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1 hour ago, Rakaydos said:

Reloading 10 times is allowed if you choose that difficulty, but passing a "reload 10 times in another file, then do it for real" as a "no reload" file is false advertising. Part of being a caveman is not having simulators.

No reload is one thing.

No simulators is an entirely different thing.

No simulators except what you could conceivably do in the game is yet something different.

 

No reload means that you have to accept what happens. you made a blunder and killed your astronaut? too bad, you have to hire another. your mun lander exploded during atmospheric reentry? you have to start back from the launchpad. you can't point your ship towards minmus and ignite and hope to get there - well, you can, but you've got to have a B plan in case you miss. you can't find the proper periapsis for aerobraking by trial and error.

No reload forces a different style of gaming. You can't launch contrived contraptions that explode 9 times out of 10. you can't make suicide burns at the last second to save fuel. you have to keep more safety margins. more fuel for every manuever. no daredevil ideas. Always a contingency plan, always an eye for safety. I'm dealing with all that, so passing "simulating" as "reloading" is a false equivalence.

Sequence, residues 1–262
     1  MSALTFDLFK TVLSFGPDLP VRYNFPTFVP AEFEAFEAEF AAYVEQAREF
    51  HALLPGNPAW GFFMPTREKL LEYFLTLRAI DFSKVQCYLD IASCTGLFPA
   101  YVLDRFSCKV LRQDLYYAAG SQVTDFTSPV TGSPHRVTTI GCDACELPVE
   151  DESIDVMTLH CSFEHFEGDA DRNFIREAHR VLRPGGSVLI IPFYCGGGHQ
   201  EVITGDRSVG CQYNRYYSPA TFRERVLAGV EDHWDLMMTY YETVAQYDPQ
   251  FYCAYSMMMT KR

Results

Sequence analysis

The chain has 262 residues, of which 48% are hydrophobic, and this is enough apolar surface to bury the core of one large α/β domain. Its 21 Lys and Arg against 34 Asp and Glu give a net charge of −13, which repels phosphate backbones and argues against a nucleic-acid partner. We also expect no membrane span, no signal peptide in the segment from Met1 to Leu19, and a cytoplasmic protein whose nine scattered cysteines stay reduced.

Then there's "no simulators". I am making a Mun lander and want to see how it performs, i have to go to mun. Build the whole ship, go there. Do notice that there's no such thing as "no simulation", because every time you launch a probe and it explodes, or every time you launch a manned rocket and it flips and you eject the manned module with the parachute to save the crew, that's basically a simulation. you were trying to launch, but you instead got a failure that taught you how to improve the design, which is basically what a simulation is. However, every time one of your rockets explodes, you have to pay the cost for it. And if you try a mun landing, you must send your rocket to mun every time. And if it's your first Mun landing, well, you can't really simulate it; if you simulate successfully, then you've landed.

The effect on gameplay is that it encourages the use of reliable, time-tested designs over more experimental ones.

 

No simulators except what you could conceivably do in the game is a special subset of simulation. It starts from the fact that you can, indeed, test your stuff - as long as you are willing to let your rocket explode every time. So, you can test your Mun lander probe. You just have to launch the rocket, go to Mun, release the lander, see it explode; then you pick up a few more "science from X" and "survey" contracts to make easy money, you build a new rocket, you send it to Mun again, release the new improved lander, see if it works. No risk involved, only time. So running a simulation of that does not give you any unfair advantage you'd have in a no simulation challenge. It merely saves time of farming money and building a new rocket every time. By that metric, you can't do any test that would endanger a kerbal, and you can't do testing in places you've not reached already.